Young Nim You is a graduate of Haushin University in Korea and has taken courses in theology. She is married to Kwang Il Lee and has a son, Tae Ook Lee, who was born in 1980. You was involved with the Korean Women's Association for Democracy and Sisterhood and came to Canada as a missionary in 1989 under the auspices of the Partners in Mission Program of the United Church of Canada. You returned to Korea in 1992.

Xi-Iota Chapter of Beta Sigma Phi

  • Corporate body

Founded in 1931, Beta Sigma Phi is an international women's organization that focuses on stimulating personal growth and development of its members through cultural and social programs and through service to others. Members volunteer for such activities as blood donor clinics, daffodil day, and meals on wheels. The organization supports various charities. Beta Sigma Phi was established in Peterborough in 1944. The Xi-Iota Chapter folded in 1998 or 1999.

W.T.C. Boyd

  • Person

William (Willie) Thornton Cust Boyd (1859-1919) was the son of Mossom Boyd (1815-1883) and Letitia McGhee Cust (1819-1881) of Bobcaygeon, Ontario. Along with his step-brother Mossom Martin Boyd (1855-1914), William T.C. Boyd operated the large family-owned enterprises founded by their father, of which the major were lumbering, Hereford cattle breeding, and cattle/buffalo cross-breeding. The Boyds were involved with the planning of the Lindsay, Bobcaygeon and Pontypool Railway, and with the Trent Valley Navigation Steamship Company, of which William T.C. Boyd was President from 1900 to 1904. Boyd was also an active partner in the firm of Boyd and Company along with his step-brother Mossom and cousin John Macdonald. From 1897 to 1899 he served as counsellor for the village of Bobcaygeon, and from 1900 to 1901 as reeve. He married Meta Bridgman in 1889, and had 8 children.

Woodville, Ontario: fire insurance plan / Chas. E. Goad Company

  • Corporate body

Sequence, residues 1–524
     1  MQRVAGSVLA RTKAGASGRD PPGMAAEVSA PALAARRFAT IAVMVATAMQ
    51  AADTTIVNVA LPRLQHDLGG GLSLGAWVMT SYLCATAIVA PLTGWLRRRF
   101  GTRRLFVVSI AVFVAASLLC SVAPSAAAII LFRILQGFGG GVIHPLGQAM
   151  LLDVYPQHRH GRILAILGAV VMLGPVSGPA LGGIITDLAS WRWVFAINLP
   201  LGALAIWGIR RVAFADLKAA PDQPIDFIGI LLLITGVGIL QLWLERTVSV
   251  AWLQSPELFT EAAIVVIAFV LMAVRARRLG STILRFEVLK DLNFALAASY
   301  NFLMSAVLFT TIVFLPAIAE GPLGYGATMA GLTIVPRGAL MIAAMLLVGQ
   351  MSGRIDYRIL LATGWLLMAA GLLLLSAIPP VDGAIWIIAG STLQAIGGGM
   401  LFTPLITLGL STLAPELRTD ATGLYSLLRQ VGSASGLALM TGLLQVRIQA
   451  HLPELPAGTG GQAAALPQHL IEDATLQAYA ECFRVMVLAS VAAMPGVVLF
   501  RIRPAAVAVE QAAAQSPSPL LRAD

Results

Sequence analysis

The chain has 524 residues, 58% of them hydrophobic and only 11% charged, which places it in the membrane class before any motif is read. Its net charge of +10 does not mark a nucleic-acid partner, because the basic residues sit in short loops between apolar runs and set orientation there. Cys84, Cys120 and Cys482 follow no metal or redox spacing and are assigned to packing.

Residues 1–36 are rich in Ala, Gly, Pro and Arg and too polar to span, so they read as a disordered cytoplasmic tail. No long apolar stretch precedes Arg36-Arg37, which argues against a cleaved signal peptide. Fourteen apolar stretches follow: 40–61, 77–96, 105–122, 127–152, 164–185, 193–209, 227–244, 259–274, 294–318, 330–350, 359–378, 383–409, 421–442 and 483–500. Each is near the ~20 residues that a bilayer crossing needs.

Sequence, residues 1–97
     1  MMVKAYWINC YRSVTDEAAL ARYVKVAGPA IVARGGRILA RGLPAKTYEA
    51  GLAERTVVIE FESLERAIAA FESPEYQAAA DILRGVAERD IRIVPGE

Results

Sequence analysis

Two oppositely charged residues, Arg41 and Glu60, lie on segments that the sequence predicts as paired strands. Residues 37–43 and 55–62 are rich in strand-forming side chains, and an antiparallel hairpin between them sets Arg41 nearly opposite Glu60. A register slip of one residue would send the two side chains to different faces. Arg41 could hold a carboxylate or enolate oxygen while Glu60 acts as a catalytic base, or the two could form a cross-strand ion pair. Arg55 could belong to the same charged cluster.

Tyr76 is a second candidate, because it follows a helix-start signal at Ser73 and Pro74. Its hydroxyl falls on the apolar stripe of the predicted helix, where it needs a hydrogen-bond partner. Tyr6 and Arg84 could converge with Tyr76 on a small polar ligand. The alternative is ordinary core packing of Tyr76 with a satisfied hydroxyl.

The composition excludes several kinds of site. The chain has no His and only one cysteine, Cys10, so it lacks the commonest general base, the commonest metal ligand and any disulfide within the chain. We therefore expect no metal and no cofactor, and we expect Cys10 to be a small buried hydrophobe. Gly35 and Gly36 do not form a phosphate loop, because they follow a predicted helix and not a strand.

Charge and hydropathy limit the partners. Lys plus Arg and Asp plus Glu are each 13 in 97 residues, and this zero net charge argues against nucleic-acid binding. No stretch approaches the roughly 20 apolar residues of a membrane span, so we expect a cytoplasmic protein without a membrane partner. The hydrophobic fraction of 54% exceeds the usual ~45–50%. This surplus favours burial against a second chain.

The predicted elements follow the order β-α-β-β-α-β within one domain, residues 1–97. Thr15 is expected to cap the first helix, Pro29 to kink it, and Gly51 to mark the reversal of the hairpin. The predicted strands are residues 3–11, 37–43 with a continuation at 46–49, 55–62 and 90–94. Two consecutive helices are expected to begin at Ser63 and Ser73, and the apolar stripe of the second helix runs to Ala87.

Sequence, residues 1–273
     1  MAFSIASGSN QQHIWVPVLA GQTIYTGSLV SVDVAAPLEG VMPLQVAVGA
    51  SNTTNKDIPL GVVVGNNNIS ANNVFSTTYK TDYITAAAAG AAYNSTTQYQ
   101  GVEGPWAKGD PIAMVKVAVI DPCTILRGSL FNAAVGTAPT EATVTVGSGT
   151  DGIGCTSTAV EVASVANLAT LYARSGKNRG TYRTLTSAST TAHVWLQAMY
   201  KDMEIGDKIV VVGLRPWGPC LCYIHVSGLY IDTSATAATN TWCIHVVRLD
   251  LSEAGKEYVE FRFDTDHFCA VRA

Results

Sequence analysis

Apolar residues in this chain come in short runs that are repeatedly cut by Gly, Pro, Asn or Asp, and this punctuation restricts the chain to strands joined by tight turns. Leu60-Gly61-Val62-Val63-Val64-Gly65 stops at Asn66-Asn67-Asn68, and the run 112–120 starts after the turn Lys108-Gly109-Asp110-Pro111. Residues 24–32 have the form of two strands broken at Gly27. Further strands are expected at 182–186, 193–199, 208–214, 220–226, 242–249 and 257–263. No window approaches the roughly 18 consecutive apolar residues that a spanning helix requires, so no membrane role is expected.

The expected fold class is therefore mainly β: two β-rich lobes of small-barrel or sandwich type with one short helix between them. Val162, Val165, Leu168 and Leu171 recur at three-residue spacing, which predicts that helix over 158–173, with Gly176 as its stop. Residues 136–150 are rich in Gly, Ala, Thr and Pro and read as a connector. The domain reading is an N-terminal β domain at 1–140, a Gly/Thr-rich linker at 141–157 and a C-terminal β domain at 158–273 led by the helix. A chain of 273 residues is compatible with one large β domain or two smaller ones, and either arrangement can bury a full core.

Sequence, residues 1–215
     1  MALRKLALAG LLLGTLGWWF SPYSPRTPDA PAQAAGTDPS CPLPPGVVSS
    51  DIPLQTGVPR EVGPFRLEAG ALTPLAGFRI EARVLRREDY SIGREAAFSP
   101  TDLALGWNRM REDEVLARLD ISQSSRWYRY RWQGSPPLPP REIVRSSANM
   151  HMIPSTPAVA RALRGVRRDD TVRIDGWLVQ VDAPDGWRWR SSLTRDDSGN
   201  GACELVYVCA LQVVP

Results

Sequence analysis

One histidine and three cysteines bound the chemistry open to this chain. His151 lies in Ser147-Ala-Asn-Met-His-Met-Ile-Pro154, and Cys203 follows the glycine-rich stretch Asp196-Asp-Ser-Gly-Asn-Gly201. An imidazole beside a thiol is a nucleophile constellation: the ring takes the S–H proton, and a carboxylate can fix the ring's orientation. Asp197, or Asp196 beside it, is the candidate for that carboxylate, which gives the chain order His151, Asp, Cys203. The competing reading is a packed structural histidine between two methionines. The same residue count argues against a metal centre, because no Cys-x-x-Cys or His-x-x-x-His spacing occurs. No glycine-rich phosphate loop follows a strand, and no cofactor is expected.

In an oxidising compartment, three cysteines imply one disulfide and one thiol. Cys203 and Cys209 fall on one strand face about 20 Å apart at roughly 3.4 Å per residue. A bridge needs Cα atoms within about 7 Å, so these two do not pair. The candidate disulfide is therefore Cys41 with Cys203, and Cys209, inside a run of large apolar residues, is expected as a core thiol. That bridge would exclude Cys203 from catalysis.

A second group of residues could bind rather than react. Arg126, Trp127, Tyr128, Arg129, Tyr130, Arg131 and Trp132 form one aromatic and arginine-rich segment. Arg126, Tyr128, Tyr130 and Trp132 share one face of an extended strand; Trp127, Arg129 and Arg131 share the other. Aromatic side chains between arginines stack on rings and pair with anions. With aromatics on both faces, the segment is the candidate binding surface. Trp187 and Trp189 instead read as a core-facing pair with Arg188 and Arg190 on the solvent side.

The Charles E. Goad map making company was established in Montreal, Quebec, in 1875. In its business of creating fire insurance plans, the Charles E. Goad map making company was the most comprehensive company in its coverage of Canada. By 1885, the company was firmly established in Canada and by 1910, Goad and his surveyors had created fire insurance plans for more than 1300 Canadian communities. When Charles E. Goad died that same year, the company was taken over by his three sons, who continued to run the business under the name Chas. E. Goad Company. In 1911 an agreement was reached between the Chas. E. Goad Company and the Canadian Fire Underwriters' Association, by which the Goad Company was to create and revise plans for the Association exclusively. The Canadian Fire Underwriters' Association was founded in 1883 for the purpose of standardizing fire insurance rules. This agreement ended in 1917, and in 1918, the Canadian Fire Underwriters' Association established its own plan making department. It was named the Underwriters' Survey Bureau Limited. At the same time, the Bureau acquired the exclusive rights from the Chas. E. Goad Company to revise and reprint the Goad plans. The Goad Company, which continued to exist until 1930, stopped producing fire insurance plans. In March 1931, the Underwriters' Survey Bureau purchased all of the assets of the Chas. E. Goad Company, including copyright. The Underwriters' Survey Bureau continued to produce fire insurance plans for the cities and towns in Ontario, Quebec, and the Maritimes. The Canadian Fire Underwriters' Association remained responsible for the production of plans in the western provinces and the B.C. Underwriters' Association was responsible for plans in British Columbia. In 1960, these regional operations were amalgamated with the production of plans under the centralized Plan Division of the Canadian Underwriters' Association. In 1975, the Association changed its name to the Insurer's Advisory Organization, and at the same time, decided to cease fire insurance plan production and sell all plan inventory. This was the end of 100 years of continuous fire insurance plan production in Canada. (Taken from: Hayward, Robert J. Fire Insurance Plans in the National Map Collection. Ottawa: Public Archives of Canada, 1977.)